SharePoint groups and permissions were for a long time the only permission system for SharePoint. When Microsoft introduced the Microsoft 365 permission system a few years ago, many things changed—slowly but steadily. Granting permissions became easier, and these then became valid for all Microsoft 365 applications. Today many people don’t know the SharePoint groups and permissions at all anymore. Are they really no longer relevant in today’s work environment and projects? Read on to learn more about why and when SharePoint permissions are still a good choice for your project.
SharePoint’s Permission System Has Proven Itself
SharePoint was launched in 2001 and has always had its own permissions system. I first came into contact with SharePoint in 2010 when I took over the PMO of a major program and was given responsibility for a SharePoint site and almost cut my teeth with SharePoint groups and permissions. As a new SharePoint site admin, It takes some time to understand the permission system and see the benefits in it. With its own and very versatile permission system, SharePoint has many advantages in project management, especially when it comes to better protecting certain data.
As an admin of a SharePoint site, it is essential to understand the SharePoint permission system and also how the Microsoft 365 permission system works in parallel here.
The Microsoft 365 Groups
Back in 2015, Microsoft has rolled out the new Office 365 functionality. They called it Office 365 Groups—beginning of 2020, they were renamed to “Microsoft 365 Groups”. The new functionality has provided a much-needed alternative to organizations looking to enhance collaboration. This is especially true with the many new Microsoft 365 applications that have been introduced in the last few years.
Microsoft 365 Groups is a cross-application membership service. Each Microsoft 365 Group lives in Azure Active Directory, has a list of members, and is attached to that group’s related Microsoft 365 workloads, including a SharePoint team site, Exchange mailbox, Planner, Whiteboard, Power BI, OneNote—and, optionally, a team in Microsoft Teams.
SharePoint Permissions Control Only the SharePoint Environment
SharePoint permissions only apply to SharePoint. But not for the many new Microsoft 365 applications that have been added in recent years and are important tools in our project collaboration. Of course, it is easier if the same permission groups can be used for all applications-and these are the Microsoft 365 Groups.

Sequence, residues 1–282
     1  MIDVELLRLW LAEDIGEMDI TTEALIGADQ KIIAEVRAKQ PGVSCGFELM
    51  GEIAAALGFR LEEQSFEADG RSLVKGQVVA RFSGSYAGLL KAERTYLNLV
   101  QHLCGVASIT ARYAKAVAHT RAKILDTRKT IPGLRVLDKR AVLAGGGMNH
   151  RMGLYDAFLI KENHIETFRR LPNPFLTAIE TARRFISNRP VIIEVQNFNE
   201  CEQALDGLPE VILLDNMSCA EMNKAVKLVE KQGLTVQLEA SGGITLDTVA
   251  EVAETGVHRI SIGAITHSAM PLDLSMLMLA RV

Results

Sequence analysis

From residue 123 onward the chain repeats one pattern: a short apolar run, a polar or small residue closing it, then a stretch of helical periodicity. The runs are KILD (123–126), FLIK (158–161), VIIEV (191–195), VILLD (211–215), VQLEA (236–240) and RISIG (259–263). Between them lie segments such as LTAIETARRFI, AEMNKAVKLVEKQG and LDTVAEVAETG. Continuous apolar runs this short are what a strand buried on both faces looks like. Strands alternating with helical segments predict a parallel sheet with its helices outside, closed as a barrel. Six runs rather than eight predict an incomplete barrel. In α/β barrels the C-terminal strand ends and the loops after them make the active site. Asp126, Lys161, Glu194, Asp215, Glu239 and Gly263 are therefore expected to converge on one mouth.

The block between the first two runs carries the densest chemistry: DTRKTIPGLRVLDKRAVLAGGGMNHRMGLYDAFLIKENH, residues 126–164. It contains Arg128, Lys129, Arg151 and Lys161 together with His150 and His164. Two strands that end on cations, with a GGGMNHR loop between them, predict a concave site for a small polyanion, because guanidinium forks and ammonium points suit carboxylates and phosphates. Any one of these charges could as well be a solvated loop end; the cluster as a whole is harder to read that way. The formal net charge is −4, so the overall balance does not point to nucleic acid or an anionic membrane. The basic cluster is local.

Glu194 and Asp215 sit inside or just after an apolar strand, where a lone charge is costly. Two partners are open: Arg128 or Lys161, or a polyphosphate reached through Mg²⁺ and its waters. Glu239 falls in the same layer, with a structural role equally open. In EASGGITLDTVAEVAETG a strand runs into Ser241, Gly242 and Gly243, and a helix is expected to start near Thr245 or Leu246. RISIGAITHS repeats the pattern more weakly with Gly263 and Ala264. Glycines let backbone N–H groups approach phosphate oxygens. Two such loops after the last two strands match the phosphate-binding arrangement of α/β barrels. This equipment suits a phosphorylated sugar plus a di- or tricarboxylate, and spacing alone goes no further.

SharePoint, on the other hand, allows you to define additional user groups with specific permissions in addition to three standard groups: Owners, Members and Visitors. This granular assignment of permission can be an extremely useful feature in certain situations. Especially when libraries, lists, documents and data may only be viewed or edited by specific user groups. Here, the “need to know” principle is also an important topic.
Here’s a simple example: Only the members of your Project Management Office should have access to the contracts (SOW) with the contractors. To do this, proceed as follows:
- Ensure that the contracts are stored in a separate library, e.g. named “Contractor SOWs”.
- Break the inheritance of the permissions to this library
- Create a new SharePoint group named “PMO-Members”, give it the necessary permissions, e.g. Edit, and assign this group to the “Contractor SOWs” library.
- Delete now the existing permission groups in this library
You will notice that this simple use case would not have been possible with Microsoft 365 Groups and permissions only.
SharePoint and Microsoft 365 Permissions Complement Each Other Well
A big advantage is, you can use Microsoft 365 and SharePoint permissions together. With Microsoft 365 permission and groups you control e.g. access to all Microsoft 365 applications (incl. SharePoint). On SharePoint, you use SharePoint groups and permissions to control access to specific libraries or lists, e.g. specifically those with sensitive data that should only be accessible to certain people. As explained earlier, you do this by removing the permissions inheritance on these libraries or lists and then assigning them a newly defined group with specific permissions.. How exactly this works with the inheritance you can read here: How to Use Unique Permissions for Libraries and Lists in SharePoint (coming soon).
It is important for a site administrator in a project or program to have a good understanding of Microsoft 365 and SharePoint permissions in order to make the best use of them in their work environment. In this article I explain you in detail the difference between them: How to Use SharePoint Groups and Microsoft 365 Groups in Your Project Site
Here You Can Find More Knowledge
This was an overview of SharePoint groups and permissions and if they are still relevant and beneficial for collaboration in the project environment. What is your experience with SharePoint groups and permissions in projects? Do you agree with my statements or do you have a different opinion? Share your experience with the readers with a commentary so that we all get to know another view. Thank you!
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